Likes Received:
    0
    Rimbaud:

    Let me step back and say that I am not trying to be antagonistic, really. It just perplexes me when people always want to explain away the alien theory as hogwash, yet so fermently believe in an omnipotent God. To me that is contradictory. Yes, I know....you didn't get into that portion of this topic, but I wonder if you would, if more time allowed. When speaking of Ancient Eqypt (or Pyramids, etc.), I tend to look at the bigger picture. Yes, you are correct, the most rudimentary construction techniques have been proven possible and have been duplicated in the field. But what about the techniques that can not be duplicated or even proven theorically possible?

    I am right with you on keeping your private life, private. I just thought that, based on your creditials, you wouldn't mind letting us know with whom you work with. Not that I am so much challenging your creditability, it's just the way you came off when responding to Treeman.

    Almost every culture on this planet have "record" (oral, hieroglyphic, written, etc.), if you will, of their gods. For example one of the oldest tribes in Africa (I presently forget the name, but I will attempt to find it for you) has an oral tradition that tells of the "Sky People" that came down and taught them math, farm, fashion metals, etc. They knew the structure of our solar system without telescopes and named Pluto before anyone knew that Pluto existed. How, unless they were told? The Vedic (ancient India(n) text), describes similar "contact" and even goes into how the "gods" would fly through the air and have great aeriel battles. In China, an archaeological expendition in the Baian-Kara-Ula mountains (which boarders Tibet and China) found the Dropa Stones and skeletal remains of "people" whose average height was about 4 feet tall. The Dropa Stones (some 716 stone plates found) have been carbon dated to be about 10k-12k years
    old. I let you dig up what the Dropa Stones are supposedly translated to say on your own, but in a nutshell, it tells a story about a race of beings that crash landed here on Earth.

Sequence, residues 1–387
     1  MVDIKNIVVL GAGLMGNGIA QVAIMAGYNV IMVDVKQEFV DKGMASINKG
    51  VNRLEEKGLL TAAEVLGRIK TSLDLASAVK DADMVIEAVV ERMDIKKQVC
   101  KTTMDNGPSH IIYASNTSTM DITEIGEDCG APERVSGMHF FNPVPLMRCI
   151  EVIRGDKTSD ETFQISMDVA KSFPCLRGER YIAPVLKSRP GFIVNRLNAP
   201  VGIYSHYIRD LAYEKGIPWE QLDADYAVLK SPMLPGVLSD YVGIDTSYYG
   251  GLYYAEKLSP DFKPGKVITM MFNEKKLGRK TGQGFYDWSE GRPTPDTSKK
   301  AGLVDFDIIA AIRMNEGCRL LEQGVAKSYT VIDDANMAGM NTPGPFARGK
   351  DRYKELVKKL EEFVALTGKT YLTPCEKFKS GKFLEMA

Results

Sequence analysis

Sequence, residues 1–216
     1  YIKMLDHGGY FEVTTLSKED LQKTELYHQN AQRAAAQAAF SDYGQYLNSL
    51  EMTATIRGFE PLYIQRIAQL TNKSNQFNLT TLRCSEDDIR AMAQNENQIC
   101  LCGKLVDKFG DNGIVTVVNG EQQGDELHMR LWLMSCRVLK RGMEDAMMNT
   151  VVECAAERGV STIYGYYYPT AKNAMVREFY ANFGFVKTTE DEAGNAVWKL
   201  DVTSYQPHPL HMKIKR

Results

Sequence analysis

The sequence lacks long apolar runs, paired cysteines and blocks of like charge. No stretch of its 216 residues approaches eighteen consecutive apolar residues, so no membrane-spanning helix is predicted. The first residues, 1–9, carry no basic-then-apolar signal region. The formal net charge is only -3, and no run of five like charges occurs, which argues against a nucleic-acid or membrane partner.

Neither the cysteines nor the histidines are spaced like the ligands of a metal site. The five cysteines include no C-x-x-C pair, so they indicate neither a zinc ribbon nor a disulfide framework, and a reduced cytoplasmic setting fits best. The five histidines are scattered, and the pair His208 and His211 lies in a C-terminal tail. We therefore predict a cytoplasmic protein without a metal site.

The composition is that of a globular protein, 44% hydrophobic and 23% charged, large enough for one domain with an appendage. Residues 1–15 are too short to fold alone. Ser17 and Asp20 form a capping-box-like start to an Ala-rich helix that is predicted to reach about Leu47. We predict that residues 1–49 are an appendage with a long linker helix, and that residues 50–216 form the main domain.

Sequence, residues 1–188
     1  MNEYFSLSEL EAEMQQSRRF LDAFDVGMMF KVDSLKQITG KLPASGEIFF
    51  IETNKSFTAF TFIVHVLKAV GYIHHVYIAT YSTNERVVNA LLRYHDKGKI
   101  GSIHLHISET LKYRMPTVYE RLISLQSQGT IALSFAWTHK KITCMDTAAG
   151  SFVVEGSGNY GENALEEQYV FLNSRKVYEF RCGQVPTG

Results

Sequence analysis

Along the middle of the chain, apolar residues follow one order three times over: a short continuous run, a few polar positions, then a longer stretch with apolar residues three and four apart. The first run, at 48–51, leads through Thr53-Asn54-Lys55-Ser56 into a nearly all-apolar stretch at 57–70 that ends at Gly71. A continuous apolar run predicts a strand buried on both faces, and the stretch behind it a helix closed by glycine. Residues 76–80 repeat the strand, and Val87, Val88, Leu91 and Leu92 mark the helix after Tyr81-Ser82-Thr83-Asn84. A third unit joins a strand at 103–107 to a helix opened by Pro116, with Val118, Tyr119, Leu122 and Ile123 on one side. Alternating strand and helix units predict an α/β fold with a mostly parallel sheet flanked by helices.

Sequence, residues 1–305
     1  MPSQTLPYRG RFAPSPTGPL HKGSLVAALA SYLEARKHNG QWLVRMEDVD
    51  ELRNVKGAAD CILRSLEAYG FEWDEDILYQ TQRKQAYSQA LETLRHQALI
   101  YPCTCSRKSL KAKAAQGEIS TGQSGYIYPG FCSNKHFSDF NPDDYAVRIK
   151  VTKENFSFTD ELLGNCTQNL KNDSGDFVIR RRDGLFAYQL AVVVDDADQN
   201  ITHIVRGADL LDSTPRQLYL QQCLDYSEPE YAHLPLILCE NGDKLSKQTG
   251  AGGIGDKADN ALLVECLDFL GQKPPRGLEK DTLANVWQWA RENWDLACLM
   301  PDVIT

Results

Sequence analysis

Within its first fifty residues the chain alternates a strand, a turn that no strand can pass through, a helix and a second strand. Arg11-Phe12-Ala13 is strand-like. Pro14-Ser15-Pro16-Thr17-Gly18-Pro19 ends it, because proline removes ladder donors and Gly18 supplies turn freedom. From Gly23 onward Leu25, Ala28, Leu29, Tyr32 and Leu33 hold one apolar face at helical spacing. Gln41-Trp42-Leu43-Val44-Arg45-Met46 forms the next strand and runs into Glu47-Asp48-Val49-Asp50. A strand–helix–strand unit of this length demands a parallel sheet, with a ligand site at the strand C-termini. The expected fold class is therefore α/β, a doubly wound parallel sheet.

And for go measure, let's talk about more recent history. Everyone in the world has heard of Roswell. Why do I bring this up? Let's see....... America (and the world) had a technological explosion about 50 years ago. Why not before then? Because it is quite possible that a more advance vehicle did crash in 1947 and we were able to reverse engineer it to get things like fiber optics, the microchip, etc. Now as advance as we were in 1945 (or even 1950), we had no clue of fiber optics. Yet you want the world to believe the ancient Eqyptians were able to construct the Great Pyramids all through good old human ingenuity.


    Why is the opposite so difficult to conceive? Lastly, I want to apologize for any and all spelling (like debunking) and grammatical errors. When I asked if you were a government debunking agent, it was all in jest. If you are it would make very little difference, but I would not want to insult anyone by being serious with that question.

    FC
     
  6. rimbaud

    rimbaud Contributing Member
    Supporting Member

    Joined:
    Nov 3, 1999
    Messages:
    8,169
    Likes Received:
    676
    FC,

    Yes, I did take your post as antagonistic, but understand that that can happen in a forum such as this. Thank you for softening your tone.

    I will (try to) keep this brief.

    No, I wouldn't get into that, nor would I be contradictory, if that gives you an idea.

    Yes, I would have you believe that humans built them. They had the numbers, the time, the aesthetic interest, and the technology. It has been said that the pyramids could completely be reconstructed. The only reason re-enactments have been limited is because funding/time is limited. Every scholar is a w**** to the money and must constantly justify their actions. In the 80's, I believe, an engineer said he could recreate the pyramids but it would cost about $400 million (might even have been billion). Obviously, that won't happen. The mysteries lie mostly in function, missing pieces, unexplained usage, etc., not in construction technology (at least, not for those who spend their lives studying it). We thus are confronted with two theories: one that has evidence from primary sources as well as field-study type experiments and another that requires external factors about which we have no knowledge, proof, experience, etc. being the source or help. One is tangible and requires backing up, the other is intangible and is extrapolation/conjecture that cannot be disproven (which is the beauty of such theories). Of course, it can also never be proven, short of aliens coming back and setting us straight.

    Again, the easiest solution is usually the best.

    As far as myths/legends...yes, I know of similar legends about outside forces, etc. People have believed all sorts of odd things throughout history. Every culture has origin folklore because it is a need of the human psyche.

    Medieval eauropeans "knew" that there were "monstrous races" that inhabited the far reaches of the globe, with animal heads, faces on their stomachs, etc. This, of course, was not true, but was based upon the perception of deformed people in Europe...thus, they extrapolate and build myths about thoughs around the globe.